based on how we play is very good advice. Any advice that points out that
golf can be an outdoor activity, where we enjoy the companionship of
others, wh ile testing our ability to trust and let go is also good advice. Any
advice that points out that trying to look good in front of others will get in
the way of your progress and enjoyment of the game, is good advice. It’s
also good advice to accept what the game and your swing is giving you on
a given day, much better than not accepting and complaining about them.
All of this is useful advice, but none of it really comes naturally. What is
natural it seems is trying to look good in front of our friends, complaining
about bad shots, and feeling bad about them.

Poor Advice Leads to Poor Perceptions

It’s been said that any and all information that we humans have been
exposed to is still recorded in our brain, but in time it becomes harder to
recall. I strongly question how any amount of trust, letting go, and being
natural leads to progress and sound swings without a useful model. Think
about it. If a golfer misinterprets what he or she is seeing when watching a
sound swing, or if the advice received is misleading, or if that person has
never made a sound swing, wh at do they have to use as a model? What
motion is that golfer going to perform if they don't have an accurate model
of a sound swing that they understand? They are going to trust and let go
with an unsound swing! Golfers can not see themselves swing, and what
they perceive they feel, may not be what they are actually doing. This
opens the door for quick advice, unfortunately most of the advice may
come from a friend, or playing companion who is also inconsistent.
Consequently, when golfers are trying to improve, they often become
prisoners of thinking that is founded on yesterday’s advice, most probably
causing more swing problems. Unless you ask for advice, by asking
someone to watch somethi ng specific, STOP LISTENING! And STOP
GIVING ADVICE NOW! The fact is that the people in your golfing life may be
very qualified in their chosen line of work, but most of the advice you
receive from your golf buddies will only slow down or prevent any lon g term
progress you are capable of. Golf is a game that rewards precision,
especially if part of your enjoyment is lower scores and solid shots. Sound
swings not only hit the ball solidly most of the time, but they also control the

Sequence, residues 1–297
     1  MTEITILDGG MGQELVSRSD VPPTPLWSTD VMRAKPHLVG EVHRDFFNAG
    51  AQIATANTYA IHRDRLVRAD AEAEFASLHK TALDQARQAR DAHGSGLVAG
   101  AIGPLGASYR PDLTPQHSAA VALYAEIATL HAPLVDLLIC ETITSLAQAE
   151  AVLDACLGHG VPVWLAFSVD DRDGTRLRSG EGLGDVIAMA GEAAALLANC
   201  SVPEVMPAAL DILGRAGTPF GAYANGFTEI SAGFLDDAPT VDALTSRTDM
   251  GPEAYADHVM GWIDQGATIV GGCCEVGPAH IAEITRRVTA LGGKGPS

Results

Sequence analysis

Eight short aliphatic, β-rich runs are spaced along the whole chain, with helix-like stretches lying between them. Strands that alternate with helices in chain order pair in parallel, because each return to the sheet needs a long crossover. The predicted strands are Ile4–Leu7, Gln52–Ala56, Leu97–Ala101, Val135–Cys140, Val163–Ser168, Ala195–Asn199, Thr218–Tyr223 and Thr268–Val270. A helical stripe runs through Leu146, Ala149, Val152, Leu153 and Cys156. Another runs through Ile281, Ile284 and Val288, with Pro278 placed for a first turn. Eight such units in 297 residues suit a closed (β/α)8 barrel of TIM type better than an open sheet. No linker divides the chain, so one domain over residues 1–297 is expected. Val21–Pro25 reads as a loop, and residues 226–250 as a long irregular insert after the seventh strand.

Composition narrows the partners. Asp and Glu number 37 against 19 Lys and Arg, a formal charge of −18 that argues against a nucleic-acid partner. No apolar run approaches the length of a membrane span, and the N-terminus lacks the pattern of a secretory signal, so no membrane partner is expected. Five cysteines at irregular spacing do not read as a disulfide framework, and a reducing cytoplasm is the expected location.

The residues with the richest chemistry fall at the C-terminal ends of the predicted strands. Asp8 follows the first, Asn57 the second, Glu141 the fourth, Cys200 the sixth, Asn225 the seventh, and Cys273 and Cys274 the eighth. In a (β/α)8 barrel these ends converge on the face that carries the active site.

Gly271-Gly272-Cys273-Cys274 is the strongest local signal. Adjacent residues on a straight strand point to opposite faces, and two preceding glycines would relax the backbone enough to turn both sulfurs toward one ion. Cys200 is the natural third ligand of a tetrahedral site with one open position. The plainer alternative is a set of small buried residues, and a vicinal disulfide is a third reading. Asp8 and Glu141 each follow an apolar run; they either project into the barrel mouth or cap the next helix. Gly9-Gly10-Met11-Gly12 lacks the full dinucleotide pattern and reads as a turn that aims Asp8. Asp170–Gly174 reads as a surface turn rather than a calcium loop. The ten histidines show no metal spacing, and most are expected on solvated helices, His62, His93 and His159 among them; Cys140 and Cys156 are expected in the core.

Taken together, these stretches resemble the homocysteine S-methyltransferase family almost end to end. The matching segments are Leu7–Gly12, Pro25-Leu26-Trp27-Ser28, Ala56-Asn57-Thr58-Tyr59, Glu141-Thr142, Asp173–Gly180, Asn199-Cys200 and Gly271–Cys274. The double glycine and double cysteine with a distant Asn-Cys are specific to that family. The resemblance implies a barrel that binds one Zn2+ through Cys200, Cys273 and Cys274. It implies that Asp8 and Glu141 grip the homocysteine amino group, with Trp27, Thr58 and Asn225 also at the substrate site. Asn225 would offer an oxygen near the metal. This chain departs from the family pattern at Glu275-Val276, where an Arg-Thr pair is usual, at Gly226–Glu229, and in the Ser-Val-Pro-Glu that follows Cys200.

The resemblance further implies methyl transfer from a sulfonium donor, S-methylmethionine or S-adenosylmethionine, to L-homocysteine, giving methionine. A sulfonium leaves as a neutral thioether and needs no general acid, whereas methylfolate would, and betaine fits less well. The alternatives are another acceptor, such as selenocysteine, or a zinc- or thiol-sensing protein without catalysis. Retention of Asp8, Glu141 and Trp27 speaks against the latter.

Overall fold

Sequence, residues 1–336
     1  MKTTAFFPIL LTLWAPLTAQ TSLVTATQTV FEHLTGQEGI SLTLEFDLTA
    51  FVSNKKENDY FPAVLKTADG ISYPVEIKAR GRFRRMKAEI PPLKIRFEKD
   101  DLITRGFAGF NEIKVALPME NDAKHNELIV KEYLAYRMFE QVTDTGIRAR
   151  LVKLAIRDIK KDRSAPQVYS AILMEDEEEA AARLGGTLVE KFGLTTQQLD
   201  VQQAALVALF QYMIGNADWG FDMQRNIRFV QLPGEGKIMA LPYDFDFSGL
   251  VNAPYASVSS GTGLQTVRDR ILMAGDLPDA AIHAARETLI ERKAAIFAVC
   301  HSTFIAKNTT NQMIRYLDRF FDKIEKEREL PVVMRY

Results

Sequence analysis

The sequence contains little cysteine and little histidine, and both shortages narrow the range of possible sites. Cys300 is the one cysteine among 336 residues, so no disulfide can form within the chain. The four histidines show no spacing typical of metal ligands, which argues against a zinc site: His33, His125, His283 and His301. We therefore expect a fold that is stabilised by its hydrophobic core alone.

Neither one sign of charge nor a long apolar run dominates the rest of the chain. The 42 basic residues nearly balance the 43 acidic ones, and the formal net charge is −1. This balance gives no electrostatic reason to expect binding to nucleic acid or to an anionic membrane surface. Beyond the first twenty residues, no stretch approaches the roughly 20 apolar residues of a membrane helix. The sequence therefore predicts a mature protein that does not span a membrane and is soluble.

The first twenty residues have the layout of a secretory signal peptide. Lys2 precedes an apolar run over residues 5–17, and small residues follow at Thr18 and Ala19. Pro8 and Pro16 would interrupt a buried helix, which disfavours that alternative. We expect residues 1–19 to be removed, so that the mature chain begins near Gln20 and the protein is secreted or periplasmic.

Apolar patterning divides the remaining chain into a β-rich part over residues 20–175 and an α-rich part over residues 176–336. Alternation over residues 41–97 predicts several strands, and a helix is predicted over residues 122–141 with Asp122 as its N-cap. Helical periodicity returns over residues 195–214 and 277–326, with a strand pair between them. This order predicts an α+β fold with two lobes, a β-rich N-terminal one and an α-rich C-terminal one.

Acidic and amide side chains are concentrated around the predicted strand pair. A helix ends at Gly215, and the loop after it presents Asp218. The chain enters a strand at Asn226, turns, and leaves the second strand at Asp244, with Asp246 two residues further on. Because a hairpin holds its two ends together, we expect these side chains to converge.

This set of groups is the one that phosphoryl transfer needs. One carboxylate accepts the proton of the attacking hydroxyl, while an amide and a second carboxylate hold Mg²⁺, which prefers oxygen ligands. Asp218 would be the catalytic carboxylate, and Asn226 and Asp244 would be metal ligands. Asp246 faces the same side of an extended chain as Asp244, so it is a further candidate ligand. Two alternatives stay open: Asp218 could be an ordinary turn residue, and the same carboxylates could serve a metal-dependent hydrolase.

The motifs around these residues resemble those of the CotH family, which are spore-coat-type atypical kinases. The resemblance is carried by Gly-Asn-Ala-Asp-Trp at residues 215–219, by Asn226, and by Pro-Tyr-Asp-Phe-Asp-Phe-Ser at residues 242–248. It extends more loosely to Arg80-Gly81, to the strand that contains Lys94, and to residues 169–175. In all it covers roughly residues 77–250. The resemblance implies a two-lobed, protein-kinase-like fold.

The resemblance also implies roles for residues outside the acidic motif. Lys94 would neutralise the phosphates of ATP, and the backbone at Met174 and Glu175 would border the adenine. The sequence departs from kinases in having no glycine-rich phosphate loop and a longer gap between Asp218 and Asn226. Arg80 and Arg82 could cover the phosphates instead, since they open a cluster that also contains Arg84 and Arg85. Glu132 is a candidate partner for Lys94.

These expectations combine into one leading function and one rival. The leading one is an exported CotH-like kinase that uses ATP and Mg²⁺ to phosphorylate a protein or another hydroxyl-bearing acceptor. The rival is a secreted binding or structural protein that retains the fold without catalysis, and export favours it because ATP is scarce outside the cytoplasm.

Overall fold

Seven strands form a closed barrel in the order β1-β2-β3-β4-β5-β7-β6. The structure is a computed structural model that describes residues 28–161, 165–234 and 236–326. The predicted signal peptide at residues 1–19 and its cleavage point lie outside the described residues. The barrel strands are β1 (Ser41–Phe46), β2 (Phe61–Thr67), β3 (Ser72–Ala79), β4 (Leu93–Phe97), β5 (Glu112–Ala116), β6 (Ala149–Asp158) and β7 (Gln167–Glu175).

height, distance and direction of the f light of the ball more often than not.
Be aware that any old swing can not give those kinds of results, and any
old advice will not help build a swing that can. Because golfers are
inconsistent, I understand how this opens the door for advice, and when
that advice does not seem to work, people look for more and different
advice, with this cycle repeated again and again. There is a good chance
most of you who are reading this do not know me personally. We have
never met or talked about your game. You have no reason on earth to take
my suggestions to heart. It’s going to be a very hard thing to do. I t’s only
human nature to be open to advice when things are not going well. It’s also
human nature to give advice. But these two acts of human nature may be
the main reasons many golfers do not make the kind of progress they are
capable of. Some people reading this may feel I have crossed a line by
suggesting that all of you should stop giving each other advice about golf,
especially since I have not heard or seen the advice. But I will take my
chances, and yes, there may be some exceptions, but they are really very
far and few between. If we are going to be honest, more family members
and friends have been hurt than helped by advice given by a parent,
spouse, or golfing companion.

Keep This In Your Bag!
FOR ADVISE SEEKERS:My new rule is DON'T TAKE ADVISE. Before I play,
I am going to let my group know I prefer not to receive advice. I am going to
ask them to remind me of this if I ask for advice. Rather than asking for
advice, I will concentrate on what I am feeling in my swing, concentrating on
one element at a time. If my swing is OFF, I will chill out and try to work
through it, keeping my talents in perspective to my experience level. By
doing this I am allowing the others in my group to enjoy and concentrate on
their own game rather than focusing on mine. If someone offers advice, I will
politely say "I appreciate your advice, but I am afraid that it will confuse me."
If the person continues to do this during the round, I will take them aside
and polite ly let them know that I am trying to work through some things for
myself and would appreciate it if they could refrain from giving me their
opinion.If I get paired with others who are constantly offering advice to their
partner, at the next tee take them aside and say, "I wonder if I could ask
something of you? I am trying to work through some thi ngs with my own
game and the advice you are giving your partner is throwing me off. Would
you mind talking to each other in the cart, rather than during play?" This is
usually well received, as most don't realize they are invading your space!

Matter how frustrated the other person is getting. If I am asked for advise I
will just state what I see, NEVER how to correct it. I will always preface the
statement with "You really should talk to your golf instructor."

©Michael Hebron, 1997, 2008 all rights reserved Michael Hebron's School
for Learning Golf
For More Information Contact the School at 800-444-0565